The food industry has responded strongly to recent label regulations for trans fats, as well as trans fat bans and companies are reformulating packaged foods and finding substitutes for restaurant fry oils, it claimed.
Now trans fats are disappearing from the US food supply, according to the report “Getting rid of trans fats in the US diet: Policies, incentives and progress” which is accepted for publication in the Food Policy journal.
The report said: “Many applications, such as fried fast foods, are rapidly finding substitutes for partially hydrogenated oils. Applications that are difficult to address, such as pastry, are currently the focus of research and development, and thus solutions are likely to appear within a relatively short period of time.
“It took decades for use of partially hydrogenated oils to expand throughout the food industry, but it seems likely that they will be removed from the food supply within only a few years.”
The report said that federal nutrition label regulation enacted in 2003 requires mandatory disclosure of trans fat content on packaged foods. There have also been bans on trans fat use in restaurants in cities including New York and lawsuits against food companies which created further incentives.
The estimated one-time industry costs for testing, re-labeling, and reformulation is put between $139 and $275 million, according to the authors.
Trans fats in the diet are mainly formed during the partial hydrogenation of vegetable oil that converts the oil into semi-solids for a variety of food applications.
They provide extended shelf life and flavor stability. However, it is widely accepted that they are linked to health risks, predominantly cardiovascular disease, and studies have also shown links to prostate cancer.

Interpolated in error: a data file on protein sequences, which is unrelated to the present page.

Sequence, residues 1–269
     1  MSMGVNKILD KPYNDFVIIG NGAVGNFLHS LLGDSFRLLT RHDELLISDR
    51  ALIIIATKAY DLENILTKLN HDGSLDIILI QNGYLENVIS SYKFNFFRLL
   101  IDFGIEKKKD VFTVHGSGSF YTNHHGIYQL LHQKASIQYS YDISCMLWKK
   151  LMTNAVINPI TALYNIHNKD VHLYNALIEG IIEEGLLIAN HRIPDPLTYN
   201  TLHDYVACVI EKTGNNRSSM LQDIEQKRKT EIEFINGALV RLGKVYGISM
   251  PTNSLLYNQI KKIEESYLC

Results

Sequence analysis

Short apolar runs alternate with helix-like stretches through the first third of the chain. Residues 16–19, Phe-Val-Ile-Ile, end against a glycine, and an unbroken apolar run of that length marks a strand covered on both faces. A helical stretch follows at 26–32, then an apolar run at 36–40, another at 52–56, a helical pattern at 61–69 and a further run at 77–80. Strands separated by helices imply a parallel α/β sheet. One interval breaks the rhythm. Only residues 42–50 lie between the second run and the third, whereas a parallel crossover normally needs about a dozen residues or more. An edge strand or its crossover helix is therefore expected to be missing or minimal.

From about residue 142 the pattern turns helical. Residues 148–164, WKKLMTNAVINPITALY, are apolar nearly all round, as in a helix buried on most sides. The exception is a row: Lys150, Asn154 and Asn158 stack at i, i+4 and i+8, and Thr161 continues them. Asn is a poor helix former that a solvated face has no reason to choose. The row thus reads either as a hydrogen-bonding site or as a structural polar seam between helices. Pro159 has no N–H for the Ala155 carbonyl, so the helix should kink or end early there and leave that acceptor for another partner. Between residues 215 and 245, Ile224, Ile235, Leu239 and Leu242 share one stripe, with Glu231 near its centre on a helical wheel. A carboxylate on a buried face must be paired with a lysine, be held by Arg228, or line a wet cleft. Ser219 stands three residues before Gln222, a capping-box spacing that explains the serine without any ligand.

On average people in the US consume 5.6 grams of trans fats per day compared with 2.4g in the EU. The main sources are cakes, margarine, cookies, fried foods and snacks.
The report said that the process of reformulation and replacement has “spurred innovations that reach all the way back to oilseed crop development”.
It added: “The applications of modern biotechnology to development of improved oilseeds with hearthealthy oil profiles may be the first major breakthrough in providing innovations with consumer benefit."
But the authors state: “The pace of activity is naturally slowed by the complicated process of finding alternatives for specific uses and the subsequent need to secure supplies or equipment, or to implement change on a large scale.”
One example is in 2007, an estimated 1.5 million acres of low linoleic soybeans were planted, producing about 1 billion pounds of low lin-oleic oil.
Although this represents a large increase in acreage over nearly two years, it is small relative to an estimated three billion pounds of partially hydrogenated oils currently used just in food service.
The report adds: “Industry sources posit a three year lag is necessary to meet the rapidly expanding demand for this type of oil. This type of lag accounts for the announcements from many food service companies and some packaged food companies that promise future replacement of trans fats, but do not specify an immediate change.”
Meanwhile, in June 2007, the Government of Canada called on industry to voluntarily reduce the levels of trans fat in the Canadian food supply to the levels recommended by the Trans Fat Task Force.
That is a trans fat limit of two percent of the total fat content for all vegetable oils and soft, spreadable margarines, and a limit of five percent of the total fat content for all other foods, including ingredients sold to restaurants.
Food Policy (Elsevier) (online ahead of print)
“Getting rid of trans fats in the US diet: Policies, incentives and progress”Authors: Laurian J. Unnevehr and Evelina Jagmanaite